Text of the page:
The failure of the UN and many governments to recognize the severity and scope of the RPF-dominated government’s human rights violations, as well as its hostility toward those it perceives as challenging its nearly 30 years in power, has left many Rwandans with nowhere to turn. The threat of losing refugee status or of forcible return to Rwanda left tens of thousands of Rwandans living in countries that invoked the clause in a state of uncertainty about their future and immediate safety. Refugees interviewed for this report said the cessation clause had also caused a serious breakdown in trust between refugee communities and UNHCR, because the agency had complied with the Rwandan government’s request. Displaced Rwandans who are stripped of refugee status and do not return home risk becoming undocumented in their host country, which can impede their access to numerous basic services in violation of their rights.
Human Rights Watch wrote to UNHCR to seek information and requested its view on its invocation of the cessation clause and its impact on the protection of Rwandan refugees. UNHCR responded in a letter dated August 22, 2023, and by email in September 2023, noting that it had assisted with the return of 65,000 Rwandans between 2012 and 2022, including 63,500 from Congo.
UNHCR stated, “Presently, there are 28,000 Rwandan refugees registered in the East, Horn and Great Lakes region (Burundi, Djibouti, Ethiopia, Eritrea, Kenya, Somalia, South Sudan, Sudan, Tanzania, and Uganda), and 218,000 Rwandans refugees in Southern Africa Region (Angola, Botswana, DR Congo, Eswatini, Malawi, Mozambique, Namibia, Republic of Congo, South Africa, Zambia, Zimbabwe), amongst which 208,000 estimated in the DR Congo by the Congolese government and 10,000 registered in the other countries of the Southern Africa region. If we exclude the figure for Congo, which is an estimate, the number of Rwandan refugees in the two regions is declining compared to 1998.” UNHCR said that the number of Rwandan refugees in the two regions dropped from 1.8 million in 1995 to 69,000 in 1998 and that the “majority of the Rwandan refugees had returned home spontaneously.” UNHCR also noted that “The Congolese government updated the figures from 38,000 in 2014 to 245,000 following a pre-registration (estimation) exercise.”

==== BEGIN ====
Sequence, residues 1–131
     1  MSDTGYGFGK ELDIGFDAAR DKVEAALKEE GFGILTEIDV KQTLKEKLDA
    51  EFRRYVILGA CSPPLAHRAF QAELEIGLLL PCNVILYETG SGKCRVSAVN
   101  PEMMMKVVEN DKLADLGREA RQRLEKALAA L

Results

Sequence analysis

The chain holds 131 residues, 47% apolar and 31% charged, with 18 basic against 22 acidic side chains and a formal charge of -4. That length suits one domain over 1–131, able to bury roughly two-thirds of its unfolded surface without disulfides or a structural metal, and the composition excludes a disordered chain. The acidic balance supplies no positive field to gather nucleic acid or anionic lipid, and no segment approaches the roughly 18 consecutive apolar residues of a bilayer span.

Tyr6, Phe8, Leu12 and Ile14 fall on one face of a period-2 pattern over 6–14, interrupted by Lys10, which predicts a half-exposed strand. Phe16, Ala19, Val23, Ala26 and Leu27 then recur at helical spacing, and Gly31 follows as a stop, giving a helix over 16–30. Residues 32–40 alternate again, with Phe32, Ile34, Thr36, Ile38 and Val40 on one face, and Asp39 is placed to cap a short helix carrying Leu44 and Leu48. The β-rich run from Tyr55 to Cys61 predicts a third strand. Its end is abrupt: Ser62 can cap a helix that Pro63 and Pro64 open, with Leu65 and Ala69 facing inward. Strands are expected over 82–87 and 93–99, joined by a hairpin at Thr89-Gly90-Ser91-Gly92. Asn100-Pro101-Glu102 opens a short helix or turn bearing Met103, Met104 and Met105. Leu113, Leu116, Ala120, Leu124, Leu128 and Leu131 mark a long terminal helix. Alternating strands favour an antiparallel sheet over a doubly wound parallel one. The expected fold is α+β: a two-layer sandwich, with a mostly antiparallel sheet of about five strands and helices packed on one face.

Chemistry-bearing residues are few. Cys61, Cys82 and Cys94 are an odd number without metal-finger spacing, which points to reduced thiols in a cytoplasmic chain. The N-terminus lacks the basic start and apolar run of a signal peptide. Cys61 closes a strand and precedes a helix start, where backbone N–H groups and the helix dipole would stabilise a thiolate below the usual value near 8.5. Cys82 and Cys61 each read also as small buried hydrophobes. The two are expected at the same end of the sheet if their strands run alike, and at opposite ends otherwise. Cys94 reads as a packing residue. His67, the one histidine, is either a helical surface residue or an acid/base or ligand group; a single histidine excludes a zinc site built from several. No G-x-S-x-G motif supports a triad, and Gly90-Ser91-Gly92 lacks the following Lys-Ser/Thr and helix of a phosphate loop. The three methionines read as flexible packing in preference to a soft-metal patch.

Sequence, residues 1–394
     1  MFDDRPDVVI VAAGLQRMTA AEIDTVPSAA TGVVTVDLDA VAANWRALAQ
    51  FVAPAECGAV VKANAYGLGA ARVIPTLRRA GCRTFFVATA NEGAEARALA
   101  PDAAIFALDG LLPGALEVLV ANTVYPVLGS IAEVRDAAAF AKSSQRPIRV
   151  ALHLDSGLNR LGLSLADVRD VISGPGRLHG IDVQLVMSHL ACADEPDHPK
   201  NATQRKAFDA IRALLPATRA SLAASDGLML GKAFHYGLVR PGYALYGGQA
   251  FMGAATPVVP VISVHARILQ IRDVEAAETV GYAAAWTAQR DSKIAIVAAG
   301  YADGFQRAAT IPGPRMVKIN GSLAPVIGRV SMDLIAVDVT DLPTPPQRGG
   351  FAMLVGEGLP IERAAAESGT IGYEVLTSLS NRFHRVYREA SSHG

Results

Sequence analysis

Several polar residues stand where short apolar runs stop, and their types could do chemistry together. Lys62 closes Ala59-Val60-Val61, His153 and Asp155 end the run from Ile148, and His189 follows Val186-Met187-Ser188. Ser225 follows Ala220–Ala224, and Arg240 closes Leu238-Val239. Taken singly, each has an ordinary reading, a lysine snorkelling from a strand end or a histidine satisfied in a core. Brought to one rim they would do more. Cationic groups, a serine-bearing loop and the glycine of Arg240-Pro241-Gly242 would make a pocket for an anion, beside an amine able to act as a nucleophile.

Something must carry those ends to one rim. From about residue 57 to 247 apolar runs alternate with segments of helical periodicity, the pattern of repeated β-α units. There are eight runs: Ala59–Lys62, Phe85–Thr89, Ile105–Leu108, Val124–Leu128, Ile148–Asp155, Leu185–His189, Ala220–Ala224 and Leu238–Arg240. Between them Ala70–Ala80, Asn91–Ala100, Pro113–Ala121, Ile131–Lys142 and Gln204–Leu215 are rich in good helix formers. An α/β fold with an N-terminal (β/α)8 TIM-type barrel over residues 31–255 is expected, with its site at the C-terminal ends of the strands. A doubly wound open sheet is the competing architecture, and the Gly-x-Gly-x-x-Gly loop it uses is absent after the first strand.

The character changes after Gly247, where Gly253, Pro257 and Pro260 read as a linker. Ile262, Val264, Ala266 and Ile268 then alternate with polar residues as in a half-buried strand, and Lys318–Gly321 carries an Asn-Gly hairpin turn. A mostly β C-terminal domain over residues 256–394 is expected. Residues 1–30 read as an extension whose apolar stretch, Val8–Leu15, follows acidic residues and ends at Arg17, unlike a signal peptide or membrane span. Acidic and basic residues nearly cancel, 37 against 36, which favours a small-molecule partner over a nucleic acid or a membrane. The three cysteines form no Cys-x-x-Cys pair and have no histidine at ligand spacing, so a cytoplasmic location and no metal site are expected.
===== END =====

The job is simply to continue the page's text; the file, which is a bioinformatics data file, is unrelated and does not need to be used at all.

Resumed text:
Rwanda’s Influence on the International Stage
In recent years, Rwanda has become increasingly prominent on the international stage, building an ambitious foreign policy that has seen Rwanda or Rwandan officials taking an active role in multilateral institutions. Kagame, when he chaired the African Union (AU) in 2018, spearheaded a wide-reaching reform agenda and was a driving force behind the African Continental Free Trade Agreement (AfCFTA). Rwanda is one of the largest contributors to peacekeeping operations on the continent and Rwandan troops are also intervening bilaterally in the Central African Republic and Mozambique. At time of writing, Rwanda and Benin were holding talks on bilateral security assistance.
Rwandan officials have often cited their own country’s violent past as their motivation for their government’s contribution to peacekeeping operations and willingness to take a proactive role in resolving conflicts on the continent. It was indeed the international community’s complete failure to speak out—let alone intervene—in Rwanda in 1994 that contributed to the deaths of so many. Kagame is the only African leader to have spoken out forcefully following the outbreak of the war in the Tigray region of northern Ethiopia, calling for action by the US, UN, and other African states.